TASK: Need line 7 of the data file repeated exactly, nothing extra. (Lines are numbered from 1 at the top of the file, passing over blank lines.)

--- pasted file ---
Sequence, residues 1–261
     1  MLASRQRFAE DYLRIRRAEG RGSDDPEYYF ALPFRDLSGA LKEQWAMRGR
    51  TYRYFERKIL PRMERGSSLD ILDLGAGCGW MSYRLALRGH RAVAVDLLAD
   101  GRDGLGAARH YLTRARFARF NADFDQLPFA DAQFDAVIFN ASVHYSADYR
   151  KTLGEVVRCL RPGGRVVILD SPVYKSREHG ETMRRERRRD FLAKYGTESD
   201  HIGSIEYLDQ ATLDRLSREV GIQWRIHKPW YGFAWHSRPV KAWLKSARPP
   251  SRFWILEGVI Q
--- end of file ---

   251  SRFWILEGVI Q